The basics of our relations with Cuba have not changed much in the last half century. Despite the end of the Cold War, the economic embargo and diplomatic alienation persist. The main sticking point has remained Cuba’s lack of democratic elections.
However, if we used democracy as a barometer for economic and diplomatic relations, we would have to eliminate numerous other nations. They include China, Saudi Arabia, Kuwait, Vietnam, Malaysia and many other Asian and Africa countries.
Our laws also have stipulated that Cuba must show progress in human rights, including a free press and releasing political prisoners. Try applying that litmus test to some of our economic and political allies.
Why don’t we forbid trade with China and break off relations with Saudi Arabia? Obviously, we believe we do not need Cuba. It comes down to pragmatism rather than principle. But we would be better off with Cuba as an ally rather than isolated as an official non-entity.
Another problem is that we classify Cuba as a state sponsor of terrorism, a designation that has remained since initiated by President Ronald Reagan in 1982 because Castro supported the rebel causes in El Salvador and Nicaragua.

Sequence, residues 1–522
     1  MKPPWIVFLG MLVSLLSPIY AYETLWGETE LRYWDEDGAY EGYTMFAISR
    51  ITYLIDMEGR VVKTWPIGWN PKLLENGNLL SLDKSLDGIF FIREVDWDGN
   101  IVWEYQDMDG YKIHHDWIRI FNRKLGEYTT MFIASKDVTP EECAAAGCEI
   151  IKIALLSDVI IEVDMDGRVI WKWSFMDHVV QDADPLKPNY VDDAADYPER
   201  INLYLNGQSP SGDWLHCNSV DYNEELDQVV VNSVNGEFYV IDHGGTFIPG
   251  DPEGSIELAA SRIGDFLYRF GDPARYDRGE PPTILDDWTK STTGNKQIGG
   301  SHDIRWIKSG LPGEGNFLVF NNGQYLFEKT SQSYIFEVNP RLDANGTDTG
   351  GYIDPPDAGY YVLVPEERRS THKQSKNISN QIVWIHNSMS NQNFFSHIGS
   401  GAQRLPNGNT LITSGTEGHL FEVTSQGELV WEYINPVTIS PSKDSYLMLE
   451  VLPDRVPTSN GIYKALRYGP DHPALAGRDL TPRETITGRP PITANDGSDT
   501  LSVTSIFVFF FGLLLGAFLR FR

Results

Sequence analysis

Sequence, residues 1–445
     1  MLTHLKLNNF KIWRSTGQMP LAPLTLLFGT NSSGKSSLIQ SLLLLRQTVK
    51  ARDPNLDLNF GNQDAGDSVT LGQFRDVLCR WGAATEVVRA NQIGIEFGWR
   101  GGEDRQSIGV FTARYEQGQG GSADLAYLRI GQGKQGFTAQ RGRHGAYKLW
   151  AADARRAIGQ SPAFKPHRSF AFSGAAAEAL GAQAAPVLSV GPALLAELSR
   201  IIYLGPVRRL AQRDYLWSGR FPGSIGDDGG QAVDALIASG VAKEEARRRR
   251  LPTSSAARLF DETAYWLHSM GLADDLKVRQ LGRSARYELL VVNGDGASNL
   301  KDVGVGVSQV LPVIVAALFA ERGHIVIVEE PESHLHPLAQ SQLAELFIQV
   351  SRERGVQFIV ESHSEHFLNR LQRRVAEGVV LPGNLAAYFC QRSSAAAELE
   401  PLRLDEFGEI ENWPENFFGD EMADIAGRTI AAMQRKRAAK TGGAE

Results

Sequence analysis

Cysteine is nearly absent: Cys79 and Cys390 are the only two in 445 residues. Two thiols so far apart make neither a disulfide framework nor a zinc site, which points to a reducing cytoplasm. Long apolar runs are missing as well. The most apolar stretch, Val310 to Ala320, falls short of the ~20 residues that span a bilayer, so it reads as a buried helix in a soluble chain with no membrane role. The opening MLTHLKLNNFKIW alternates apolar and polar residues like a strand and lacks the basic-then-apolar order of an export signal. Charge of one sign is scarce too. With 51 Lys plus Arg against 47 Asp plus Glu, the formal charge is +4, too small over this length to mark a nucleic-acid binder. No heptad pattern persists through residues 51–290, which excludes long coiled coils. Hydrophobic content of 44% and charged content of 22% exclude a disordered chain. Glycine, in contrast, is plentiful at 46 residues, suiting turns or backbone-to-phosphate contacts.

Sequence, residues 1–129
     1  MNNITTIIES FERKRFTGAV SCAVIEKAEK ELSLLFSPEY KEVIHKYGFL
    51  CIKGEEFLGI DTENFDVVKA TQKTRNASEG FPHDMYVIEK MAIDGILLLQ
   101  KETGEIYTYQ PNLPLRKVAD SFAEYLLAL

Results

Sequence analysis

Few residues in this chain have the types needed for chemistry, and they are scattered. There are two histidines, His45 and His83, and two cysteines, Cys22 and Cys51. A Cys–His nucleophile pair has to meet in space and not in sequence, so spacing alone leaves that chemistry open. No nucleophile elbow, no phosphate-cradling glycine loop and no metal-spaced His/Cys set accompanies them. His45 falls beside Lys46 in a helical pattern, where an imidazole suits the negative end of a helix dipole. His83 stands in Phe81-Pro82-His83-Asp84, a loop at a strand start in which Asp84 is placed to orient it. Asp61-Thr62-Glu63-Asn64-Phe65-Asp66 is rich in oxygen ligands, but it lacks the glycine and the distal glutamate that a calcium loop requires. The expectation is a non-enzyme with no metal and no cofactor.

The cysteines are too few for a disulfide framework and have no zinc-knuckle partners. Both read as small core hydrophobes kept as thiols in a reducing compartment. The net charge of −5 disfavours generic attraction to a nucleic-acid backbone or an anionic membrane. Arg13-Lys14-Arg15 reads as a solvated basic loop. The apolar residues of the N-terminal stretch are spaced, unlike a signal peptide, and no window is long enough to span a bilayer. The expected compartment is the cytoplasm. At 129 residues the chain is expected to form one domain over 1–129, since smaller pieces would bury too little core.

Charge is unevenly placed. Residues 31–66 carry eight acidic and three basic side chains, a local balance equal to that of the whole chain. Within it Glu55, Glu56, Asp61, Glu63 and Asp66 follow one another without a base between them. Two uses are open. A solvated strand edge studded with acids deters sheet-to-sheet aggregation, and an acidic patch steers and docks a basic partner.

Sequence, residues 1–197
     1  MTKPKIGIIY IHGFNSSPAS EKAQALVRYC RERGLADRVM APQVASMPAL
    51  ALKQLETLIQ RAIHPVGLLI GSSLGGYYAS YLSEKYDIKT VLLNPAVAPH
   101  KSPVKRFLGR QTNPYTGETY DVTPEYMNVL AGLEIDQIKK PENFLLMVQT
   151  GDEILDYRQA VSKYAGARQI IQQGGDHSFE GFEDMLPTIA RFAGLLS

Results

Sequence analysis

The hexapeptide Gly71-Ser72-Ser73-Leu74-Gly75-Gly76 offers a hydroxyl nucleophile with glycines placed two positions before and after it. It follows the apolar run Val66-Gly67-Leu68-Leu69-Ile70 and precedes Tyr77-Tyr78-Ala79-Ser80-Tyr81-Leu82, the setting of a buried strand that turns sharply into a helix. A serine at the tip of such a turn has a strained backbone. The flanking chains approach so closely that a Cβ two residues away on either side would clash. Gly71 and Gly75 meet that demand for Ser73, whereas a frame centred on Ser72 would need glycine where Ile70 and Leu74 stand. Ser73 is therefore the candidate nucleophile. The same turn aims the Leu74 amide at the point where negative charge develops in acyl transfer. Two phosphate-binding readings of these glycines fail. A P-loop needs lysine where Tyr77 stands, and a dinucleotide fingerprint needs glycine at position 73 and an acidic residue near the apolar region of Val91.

Cuba does not sponsor terrorism and it’s been more than 20 years since Castro said his nation would no longer be involved in supporting insurgents abroad. In 2012, the U.S. State Department reported that there was no evidence that Cuba was offering training or weapons to any terrorist groups.
So, why does the designation remain? The reason must be political because it is not based on fact.
But, as I stated earlier, Obama has taken some actions to ease our stance toward Cuba. In 2009, he fulfilled a campaign promise by lifting some restrictions on family travel to the island and allowing telecommunications firms to provide more cellular and satellite services there. Also, we can export medical supplies and agricultural products under certain conditions.